My daughter and I are pretty stoked to see our punky friends from Scandinavia. I had seen them on David Letterman several years back and was impressed by their sound–screaming, bouncy garage rock–and their look–all dressed the same, always in black and white. And what great stage names, although I do wonder how “Howlin’ Pete Almqvist” and “Nicholaus Arson” sound in Swedish. Once “Tick Tick Boom” exploded over a montage of action movies at the 2009 Academy Awards, we became avid fans. We got a copy of Veni Vidi Vicious and settled in to listen to the album. Thirty minutes later, it was done. The Ramones are a jam band by comparison.

The best thing to come out of Sweden since Ikea meatballs …

But it’s killing us that we will miss our flamboyant friends from New York for the second time. When Scissor Sisters came to town two years ago between tour stops on Lady Gaga’s Monster Ball tour, we stayed home to watch the Oscars instead. I figured we were substituting one gay-friendly entertainment experience for another, but it was hardly an even exchange. (The 2011 Academy Awards, hosted by dissolute James Franco and overeager Anne Hathaway, was so terrible they did the impossible: screw up the In Memorium segment.) I’m still kicking myself.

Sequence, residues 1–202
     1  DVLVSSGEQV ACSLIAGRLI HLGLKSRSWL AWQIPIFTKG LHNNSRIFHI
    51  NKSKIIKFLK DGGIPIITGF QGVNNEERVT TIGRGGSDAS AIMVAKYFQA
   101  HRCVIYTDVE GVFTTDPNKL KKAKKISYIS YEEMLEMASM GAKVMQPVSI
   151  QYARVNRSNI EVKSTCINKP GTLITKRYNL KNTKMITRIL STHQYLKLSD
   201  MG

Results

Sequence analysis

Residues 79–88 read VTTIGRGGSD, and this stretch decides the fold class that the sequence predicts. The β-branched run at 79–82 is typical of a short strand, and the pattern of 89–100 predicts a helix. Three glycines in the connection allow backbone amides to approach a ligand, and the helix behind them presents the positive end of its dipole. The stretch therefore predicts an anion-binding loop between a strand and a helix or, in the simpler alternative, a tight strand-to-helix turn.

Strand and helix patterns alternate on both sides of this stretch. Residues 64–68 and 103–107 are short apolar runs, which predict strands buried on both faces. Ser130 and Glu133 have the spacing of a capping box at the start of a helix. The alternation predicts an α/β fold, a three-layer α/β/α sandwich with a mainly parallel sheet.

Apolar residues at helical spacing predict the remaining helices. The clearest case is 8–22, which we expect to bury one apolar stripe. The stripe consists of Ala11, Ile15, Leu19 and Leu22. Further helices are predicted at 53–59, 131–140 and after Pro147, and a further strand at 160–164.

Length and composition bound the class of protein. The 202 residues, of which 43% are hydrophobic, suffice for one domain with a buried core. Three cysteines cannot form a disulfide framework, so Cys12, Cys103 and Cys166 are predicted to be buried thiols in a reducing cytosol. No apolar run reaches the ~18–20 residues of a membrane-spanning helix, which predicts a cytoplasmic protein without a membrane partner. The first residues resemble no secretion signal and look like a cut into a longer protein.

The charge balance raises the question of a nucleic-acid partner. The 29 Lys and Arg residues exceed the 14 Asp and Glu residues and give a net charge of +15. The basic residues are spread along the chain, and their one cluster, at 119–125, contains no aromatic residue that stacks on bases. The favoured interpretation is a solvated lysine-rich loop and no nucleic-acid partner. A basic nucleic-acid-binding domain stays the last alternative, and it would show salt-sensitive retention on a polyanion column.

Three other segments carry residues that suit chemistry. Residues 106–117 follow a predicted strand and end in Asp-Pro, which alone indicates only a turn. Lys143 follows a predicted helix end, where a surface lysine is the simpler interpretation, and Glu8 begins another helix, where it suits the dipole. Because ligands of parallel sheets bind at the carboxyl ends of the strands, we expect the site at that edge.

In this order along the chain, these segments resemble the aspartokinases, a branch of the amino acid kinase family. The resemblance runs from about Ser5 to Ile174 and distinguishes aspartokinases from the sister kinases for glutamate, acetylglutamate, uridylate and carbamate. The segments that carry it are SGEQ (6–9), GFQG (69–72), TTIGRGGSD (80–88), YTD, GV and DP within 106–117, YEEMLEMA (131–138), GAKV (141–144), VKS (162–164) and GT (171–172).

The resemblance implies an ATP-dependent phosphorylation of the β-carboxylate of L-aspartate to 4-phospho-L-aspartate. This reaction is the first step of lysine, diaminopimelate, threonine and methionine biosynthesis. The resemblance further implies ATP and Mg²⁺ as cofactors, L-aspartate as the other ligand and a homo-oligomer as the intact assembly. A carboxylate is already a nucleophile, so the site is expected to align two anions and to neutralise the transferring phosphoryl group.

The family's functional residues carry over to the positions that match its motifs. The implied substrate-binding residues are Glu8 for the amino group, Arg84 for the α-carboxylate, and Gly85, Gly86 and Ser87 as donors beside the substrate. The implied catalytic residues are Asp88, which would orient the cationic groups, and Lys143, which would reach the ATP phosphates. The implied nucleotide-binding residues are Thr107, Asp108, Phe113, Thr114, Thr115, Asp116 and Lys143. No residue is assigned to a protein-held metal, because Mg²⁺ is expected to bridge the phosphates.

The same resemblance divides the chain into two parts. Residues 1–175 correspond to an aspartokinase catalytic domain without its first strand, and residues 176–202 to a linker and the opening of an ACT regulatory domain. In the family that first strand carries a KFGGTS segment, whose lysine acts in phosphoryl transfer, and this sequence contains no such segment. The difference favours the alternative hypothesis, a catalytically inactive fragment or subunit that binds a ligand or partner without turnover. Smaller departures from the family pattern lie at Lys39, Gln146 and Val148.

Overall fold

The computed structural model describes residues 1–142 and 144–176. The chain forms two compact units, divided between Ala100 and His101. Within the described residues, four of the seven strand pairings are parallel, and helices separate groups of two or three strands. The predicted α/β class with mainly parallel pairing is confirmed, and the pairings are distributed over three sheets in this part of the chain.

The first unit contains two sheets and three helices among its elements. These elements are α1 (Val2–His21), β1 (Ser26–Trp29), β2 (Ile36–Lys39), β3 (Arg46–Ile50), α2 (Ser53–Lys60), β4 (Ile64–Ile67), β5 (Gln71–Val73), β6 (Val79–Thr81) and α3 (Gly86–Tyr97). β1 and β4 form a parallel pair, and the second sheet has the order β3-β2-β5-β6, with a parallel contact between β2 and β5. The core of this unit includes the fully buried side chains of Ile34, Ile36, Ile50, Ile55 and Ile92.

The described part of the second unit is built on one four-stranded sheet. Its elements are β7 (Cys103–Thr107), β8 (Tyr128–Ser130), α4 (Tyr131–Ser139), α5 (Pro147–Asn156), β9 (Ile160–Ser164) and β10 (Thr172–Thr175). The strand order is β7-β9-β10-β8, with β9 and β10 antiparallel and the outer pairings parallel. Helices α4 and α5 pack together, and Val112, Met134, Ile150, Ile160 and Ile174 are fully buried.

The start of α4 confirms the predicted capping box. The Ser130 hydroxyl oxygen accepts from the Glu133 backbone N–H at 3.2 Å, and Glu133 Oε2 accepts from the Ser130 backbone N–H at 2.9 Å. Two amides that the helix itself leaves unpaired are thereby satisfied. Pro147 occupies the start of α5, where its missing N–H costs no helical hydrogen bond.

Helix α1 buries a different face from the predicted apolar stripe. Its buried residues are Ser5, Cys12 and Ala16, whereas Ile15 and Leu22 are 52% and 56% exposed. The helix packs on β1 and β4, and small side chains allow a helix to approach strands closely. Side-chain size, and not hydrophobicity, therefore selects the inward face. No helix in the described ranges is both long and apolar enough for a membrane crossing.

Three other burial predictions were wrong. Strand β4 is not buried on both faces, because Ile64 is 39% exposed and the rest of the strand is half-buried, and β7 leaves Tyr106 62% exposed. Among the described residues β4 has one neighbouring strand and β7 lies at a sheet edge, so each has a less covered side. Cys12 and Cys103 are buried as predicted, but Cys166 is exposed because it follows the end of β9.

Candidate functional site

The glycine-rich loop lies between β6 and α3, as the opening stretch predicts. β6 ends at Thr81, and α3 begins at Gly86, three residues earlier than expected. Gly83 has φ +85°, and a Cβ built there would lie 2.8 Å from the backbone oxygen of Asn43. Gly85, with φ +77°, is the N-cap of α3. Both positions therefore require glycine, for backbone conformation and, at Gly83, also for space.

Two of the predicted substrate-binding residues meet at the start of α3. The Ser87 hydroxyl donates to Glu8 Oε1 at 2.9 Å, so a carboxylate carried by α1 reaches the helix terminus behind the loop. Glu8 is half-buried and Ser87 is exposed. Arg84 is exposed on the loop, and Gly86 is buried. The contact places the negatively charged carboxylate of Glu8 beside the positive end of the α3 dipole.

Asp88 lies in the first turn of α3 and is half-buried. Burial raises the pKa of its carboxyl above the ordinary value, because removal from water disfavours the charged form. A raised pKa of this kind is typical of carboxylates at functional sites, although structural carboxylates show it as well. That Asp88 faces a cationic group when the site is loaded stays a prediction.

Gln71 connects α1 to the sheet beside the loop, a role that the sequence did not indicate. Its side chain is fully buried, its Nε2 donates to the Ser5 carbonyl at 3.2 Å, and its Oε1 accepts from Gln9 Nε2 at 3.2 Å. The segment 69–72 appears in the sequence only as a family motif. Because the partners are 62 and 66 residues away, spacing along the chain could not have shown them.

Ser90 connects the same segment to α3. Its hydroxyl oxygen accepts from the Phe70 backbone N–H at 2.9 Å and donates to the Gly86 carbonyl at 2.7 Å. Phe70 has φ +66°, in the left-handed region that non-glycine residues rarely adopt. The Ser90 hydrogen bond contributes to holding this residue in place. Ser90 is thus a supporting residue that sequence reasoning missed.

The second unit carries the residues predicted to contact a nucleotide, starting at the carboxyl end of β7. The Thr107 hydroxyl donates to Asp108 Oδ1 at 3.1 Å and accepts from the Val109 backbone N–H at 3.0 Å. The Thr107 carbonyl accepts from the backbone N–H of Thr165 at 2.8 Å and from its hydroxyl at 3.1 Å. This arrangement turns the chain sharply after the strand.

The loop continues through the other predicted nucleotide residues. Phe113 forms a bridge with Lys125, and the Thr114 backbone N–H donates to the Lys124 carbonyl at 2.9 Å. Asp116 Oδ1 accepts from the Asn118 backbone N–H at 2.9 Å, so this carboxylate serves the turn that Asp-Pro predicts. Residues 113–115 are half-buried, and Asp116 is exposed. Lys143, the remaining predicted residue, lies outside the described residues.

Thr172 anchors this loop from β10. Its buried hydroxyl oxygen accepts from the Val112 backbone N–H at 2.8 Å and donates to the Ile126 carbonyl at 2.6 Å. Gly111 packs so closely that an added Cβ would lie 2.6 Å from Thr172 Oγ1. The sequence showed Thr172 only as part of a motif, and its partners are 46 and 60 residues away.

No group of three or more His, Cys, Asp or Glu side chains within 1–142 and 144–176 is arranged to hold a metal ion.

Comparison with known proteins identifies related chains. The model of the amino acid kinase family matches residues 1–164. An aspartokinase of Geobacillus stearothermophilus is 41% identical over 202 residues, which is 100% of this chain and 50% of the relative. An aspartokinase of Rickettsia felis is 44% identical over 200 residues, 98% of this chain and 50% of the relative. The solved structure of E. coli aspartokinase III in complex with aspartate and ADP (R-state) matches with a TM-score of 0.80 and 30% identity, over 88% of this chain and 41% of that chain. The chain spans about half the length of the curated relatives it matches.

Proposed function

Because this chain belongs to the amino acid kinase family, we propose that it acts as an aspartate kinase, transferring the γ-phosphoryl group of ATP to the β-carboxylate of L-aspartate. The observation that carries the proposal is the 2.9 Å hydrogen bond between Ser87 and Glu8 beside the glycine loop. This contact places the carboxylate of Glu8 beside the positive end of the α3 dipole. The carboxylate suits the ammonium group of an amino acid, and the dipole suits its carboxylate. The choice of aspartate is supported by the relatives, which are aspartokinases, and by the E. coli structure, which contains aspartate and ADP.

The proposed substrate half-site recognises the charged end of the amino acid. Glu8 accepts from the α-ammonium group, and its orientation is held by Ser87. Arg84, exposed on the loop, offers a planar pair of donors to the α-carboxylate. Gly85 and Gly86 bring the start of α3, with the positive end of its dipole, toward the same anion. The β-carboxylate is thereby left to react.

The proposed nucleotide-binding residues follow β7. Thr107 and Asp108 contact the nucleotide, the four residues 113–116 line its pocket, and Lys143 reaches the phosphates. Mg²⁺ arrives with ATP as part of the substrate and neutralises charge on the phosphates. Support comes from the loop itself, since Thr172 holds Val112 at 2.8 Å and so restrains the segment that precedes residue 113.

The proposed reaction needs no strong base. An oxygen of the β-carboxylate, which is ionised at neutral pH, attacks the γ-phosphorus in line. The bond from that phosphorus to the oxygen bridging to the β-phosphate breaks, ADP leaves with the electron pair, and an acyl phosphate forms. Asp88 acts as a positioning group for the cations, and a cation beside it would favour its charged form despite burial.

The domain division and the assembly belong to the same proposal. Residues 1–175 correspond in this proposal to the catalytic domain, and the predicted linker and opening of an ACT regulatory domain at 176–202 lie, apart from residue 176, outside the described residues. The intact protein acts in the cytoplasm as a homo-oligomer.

Scissor Sisters burrowed into my brain in the summer of 2004, when “Take Your Mama” came out, rainbow flag a-flying. The song sounds like it was crafted by Elton John in full-feathered regalia: truly groovy and unforgettable. As colorful as The Hives are monochrome, the band’s showmanship and style ensures their concerts are a hoot and a half … not that I’d know from personal experience … kick, kick, kick …

There may be hope. My daughter raised a good point: if The Hives’ concert is as short as their albums, perhaps we can do both shows in one night.

If you’re seeing The Hives on June 27, see you there … and if you’re seeing Scissor Sisters that night, tell me all about it!

See you on the flip side …